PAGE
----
Acts 23:12-25

Did those lying in wait die of hunger and thirst when Paul escaped!?!? No, because Jewish law allowed you to be released from a vow if it became impossible to complete:

[If] one’s fellow imposed a vow on him to eat with him, but he got sick, or his son got sick, or a river [overflowed and] stopped him—lo, these are vows [broken] under constraint.” (Mishnah, Nedarim 3.3)

The commander was serious about keeping Paul alive. The group he sent to protect Paul was probably about half of the force stationed in Jerusalem! We also see a foreshadowing of how the charges will be viewed by the Roman authorities. The letter the commander sent explained that the Jewish leadership was accusing Paul of violating “their law,” and that there was nothing that he had done to deserve death or imprisonment.

It’s interesting that the secular authorities are more sympathetic to Paul than the Jewish religious leadership. Once again the law protects Paul! This is actually supposed to be one of the functions of government, and it one of the reasons Paul says:

Romans 13:1-4 “Let every person be subject to the governing authorities. For there is no authority except by God’s appointment, and the authorities that exist have been instituted by God. So the person who resists such authority resists the ordinance of God, and those who resist will incur judgment (for rulers cause no fear for good conduct but for bad). Do you desire not to fear authority? Do good and you will receive its commendation because it is God’s servant for your well-being. But be afraid if you do wrong because government does not bear the sword for nothing. It is God’s servant to administer punishment on the person who does wrong.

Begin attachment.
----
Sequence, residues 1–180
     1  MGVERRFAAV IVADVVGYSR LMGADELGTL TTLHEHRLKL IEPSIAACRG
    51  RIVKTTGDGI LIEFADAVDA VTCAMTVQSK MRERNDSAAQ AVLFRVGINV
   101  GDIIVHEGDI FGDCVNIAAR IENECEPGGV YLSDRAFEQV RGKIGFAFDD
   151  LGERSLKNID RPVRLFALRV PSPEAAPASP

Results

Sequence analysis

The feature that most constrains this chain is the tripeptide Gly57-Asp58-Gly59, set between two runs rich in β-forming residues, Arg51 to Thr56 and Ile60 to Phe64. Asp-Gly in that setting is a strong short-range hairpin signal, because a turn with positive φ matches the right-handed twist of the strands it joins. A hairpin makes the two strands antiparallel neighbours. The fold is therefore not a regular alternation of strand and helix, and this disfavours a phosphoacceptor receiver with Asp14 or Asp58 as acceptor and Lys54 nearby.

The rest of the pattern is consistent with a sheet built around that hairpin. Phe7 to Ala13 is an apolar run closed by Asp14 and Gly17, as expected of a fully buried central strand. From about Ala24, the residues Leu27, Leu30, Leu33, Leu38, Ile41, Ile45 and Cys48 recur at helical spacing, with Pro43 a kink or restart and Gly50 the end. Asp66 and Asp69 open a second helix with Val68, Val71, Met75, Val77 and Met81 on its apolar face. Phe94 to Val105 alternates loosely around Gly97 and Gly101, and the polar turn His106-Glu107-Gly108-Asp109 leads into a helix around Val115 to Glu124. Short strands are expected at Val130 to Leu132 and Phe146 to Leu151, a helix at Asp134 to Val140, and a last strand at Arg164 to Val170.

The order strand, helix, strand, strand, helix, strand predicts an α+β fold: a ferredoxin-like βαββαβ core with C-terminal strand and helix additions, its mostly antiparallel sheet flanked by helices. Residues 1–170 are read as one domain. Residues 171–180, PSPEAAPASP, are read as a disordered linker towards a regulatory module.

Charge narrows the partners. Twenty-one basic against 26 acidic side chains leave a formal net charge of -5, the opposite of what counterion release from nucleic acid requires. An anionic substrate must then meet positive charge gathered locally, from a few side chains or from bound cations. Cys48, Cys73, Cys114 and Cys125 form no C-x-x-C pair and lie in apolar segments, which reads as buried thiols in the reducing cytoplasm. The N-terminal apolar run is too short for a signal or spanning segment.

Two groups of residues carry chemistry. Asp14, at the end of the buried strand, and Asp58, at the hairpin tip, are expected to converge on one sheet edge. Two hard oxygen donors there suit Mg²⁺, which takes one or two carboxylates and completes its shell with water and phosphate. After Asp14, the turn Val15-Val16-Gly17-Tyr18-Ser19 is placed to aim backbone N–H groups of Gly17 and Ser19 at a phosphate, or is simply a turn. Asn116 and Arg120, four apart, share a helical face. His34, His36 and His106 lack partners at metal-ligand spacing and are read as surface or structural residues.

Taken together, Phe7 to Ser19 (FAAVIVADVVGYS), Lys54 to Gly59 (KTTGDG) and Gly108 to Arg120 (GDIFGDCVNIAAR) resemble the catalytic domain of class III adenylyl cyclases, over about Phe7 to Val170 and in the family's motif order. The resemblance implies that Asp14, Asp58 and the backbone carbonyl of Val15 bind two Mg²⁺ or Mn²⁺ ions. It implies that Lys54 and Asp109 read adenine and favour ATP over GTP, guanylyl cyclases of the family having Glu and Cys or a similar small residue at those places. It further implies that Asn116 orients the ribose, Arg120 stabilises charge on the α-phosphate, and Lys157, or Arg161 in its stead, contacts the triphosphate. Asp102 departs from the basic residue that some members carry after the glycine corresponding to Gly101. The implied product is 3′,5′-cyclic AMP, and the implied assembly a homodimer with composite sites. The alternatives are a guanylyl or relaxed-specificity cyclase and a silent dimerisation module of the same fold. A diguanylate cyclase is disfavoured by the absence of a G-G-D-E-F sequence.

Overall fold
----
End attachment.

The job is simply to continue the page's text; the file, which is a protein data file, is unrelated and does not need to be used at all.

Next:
Paul’s words echo his experience. He had nothing to fear, because he wasn’t engaging in bad conduct. Others were! This is a general rule for us to follow too. Behave and be safe!

Leave a Reply

Fill in your details below or click an icon to log in:

WordPress.com Logo

You are commenting using your WordPress.com account. Log Out /  Change )

Twitter picture

You are commenting using your Twitter account. Log Out /  Change )

Facebook photo

You are commenting using your Facebook account. Log Out /  Change )

Connecting to %s

This site uses Akismet to reduce spam. Learn how your comment data is processed.